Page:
This second volume of the "biography" of America's largest privately held company picks up where Wayne Broehl's highly acclaimed Cargill: Trading the World's Grain left off. The year is 1960; Cargill has evolved from a pioneering grain trading firm to a giant whose enterprises include milling, seed production, livestock feeds, insurance, specialty steel products, metals trading, and even the construction of its own Mississippi River barges. At this crucial point in the company's life, the first non-family CEO and only the fourth in the firm's history, Erwin Kelm, is tapped for the company's top post. For the next seventeen years, the "Kelm era" is characterized by continued growth and diversification in the face of changing times and an unpredictable national and international scene. This is a story of the Kelm years, but it is also a narrative history of an American tradition - growth, adaptation, and success despite the stresses of internal, national, and world events.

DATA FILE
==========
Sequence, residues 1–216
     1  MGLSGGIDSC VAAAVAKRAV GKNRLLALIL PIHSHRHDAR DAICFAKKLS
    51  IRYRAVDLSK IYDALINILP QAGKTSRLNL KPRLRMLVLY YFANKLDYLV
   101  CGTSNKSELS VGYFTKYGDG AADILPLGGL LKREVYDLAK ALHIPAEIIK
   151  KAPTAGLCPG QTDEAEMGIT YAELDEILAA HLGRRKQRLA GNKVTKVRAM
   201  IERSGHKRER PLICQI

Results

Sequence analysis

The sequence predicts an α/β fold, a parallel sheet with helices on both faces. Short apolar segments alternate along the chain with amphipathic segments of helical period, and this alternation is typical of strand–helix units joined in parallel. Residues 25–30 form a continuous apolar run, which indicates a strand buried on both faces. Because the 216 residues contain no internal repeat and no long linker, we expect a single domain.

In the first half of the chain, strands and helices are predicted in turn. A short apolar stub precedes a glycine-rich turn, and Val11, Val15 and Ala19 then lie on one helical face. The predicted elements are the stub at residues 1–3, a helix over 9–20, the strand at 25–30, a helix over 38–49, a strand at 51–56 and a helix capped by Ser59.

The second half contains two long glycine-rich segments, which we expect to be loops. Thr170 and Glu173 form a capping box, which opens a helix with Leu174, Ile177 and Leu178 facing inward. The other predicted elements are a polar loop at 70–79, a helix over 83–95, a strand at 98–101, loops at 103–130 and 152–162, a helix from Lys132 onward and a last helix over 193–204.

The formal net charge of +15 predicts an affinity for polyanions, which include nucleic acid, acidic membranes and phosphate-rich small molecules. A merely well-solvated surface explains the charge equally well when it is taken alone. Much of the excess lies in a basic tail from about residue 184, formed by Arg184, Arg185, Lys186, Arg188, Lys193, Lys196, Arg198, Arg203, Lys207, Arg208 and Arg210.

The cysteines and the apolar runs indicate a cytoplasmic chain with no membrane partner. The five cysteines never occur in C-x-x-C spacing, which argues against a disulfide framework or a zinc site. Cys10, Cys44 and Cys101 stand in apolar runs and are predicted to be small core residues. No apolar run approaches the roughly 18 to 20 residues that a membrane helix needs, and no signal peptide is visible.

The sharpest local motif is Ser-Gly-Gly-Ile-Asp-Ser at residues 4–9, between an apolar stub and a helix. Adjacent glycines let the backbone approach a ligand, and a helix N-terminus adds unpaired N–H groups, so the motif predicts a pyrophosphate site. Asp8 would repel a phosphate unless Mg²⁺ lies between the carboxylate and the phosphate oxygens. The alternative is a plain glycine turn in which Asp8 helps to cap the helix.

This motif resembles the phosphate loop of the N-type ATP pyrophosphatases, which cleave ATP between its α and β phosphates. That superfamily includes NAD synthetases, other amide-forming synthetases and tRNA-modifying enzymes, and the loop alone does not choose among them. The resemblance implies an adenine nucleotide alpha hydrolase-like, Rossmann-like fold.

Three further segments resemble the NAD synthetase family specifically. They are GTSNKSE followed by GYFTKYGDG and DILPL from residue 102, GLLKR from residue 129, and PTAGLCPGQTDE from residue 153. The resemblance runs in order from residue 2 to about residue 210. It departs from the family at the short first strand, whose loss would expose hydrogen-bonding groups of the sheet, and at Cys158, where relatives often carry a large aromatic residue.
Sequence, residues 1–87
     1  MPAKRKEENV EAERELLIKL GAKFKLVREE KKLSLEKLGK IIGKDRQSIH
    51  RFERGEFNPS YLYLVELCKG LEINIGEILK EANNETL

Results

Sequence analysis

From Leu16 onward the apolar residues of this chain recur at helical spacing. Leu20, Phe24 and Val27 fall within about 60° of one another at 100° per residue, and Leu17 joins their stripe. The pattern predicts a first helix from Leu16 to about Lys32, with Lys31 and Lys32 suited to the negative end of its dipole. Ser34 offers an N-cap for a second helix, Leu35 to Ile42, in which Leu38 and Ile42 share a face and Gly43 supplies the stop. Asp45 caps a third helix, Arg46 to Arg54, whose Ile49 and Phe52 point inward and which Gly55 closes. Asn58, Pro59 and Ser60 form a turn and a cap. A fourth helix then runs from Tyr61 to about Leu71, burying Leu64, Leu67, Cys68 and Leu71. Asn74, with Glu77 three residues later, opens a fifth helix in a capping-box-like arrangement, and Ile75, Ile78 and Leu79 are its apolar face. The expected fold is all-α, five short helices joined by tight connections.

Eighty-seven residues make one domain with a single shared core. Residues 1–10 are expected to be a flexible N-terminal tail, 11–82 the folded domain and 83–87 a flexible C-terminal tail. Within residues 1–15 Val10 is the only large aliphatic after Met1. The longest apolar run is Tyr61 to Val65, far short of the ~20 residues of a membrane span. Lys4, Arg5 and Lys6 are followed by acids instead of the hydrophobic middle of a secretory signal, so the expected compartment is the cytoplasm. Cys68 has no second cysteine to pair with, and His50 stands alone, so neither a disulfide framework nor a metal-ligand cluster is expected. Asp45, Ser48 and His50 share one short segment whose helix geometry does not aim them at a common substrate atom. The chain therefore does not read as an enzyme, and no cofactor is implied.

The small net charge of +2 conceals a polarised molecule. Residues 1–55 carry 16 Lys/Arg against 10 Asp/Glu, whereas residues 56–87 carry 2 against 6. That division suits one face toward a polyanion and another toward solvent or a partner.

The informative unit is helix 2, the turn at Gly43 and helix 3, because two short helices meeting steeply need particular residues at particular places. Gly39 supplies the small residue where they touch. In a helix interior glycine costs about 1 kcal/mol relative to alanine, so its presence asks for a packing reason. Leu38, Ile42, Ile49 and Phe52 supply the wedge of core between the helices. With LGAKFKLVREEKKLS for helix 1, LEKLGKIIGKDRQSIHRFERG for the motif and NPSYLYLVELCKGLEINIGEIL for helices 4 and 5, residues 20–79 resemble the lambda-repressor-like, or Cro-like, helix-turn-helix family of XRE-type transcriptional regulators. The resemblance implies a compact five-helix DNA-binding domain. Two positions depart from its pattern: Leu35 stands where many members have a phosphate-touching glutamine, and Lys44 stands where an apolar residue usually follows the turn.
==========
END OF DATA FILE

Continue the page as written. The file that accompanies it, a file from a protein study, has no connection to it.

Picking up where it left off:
Business-Money, Biography-History, Company-Profiles,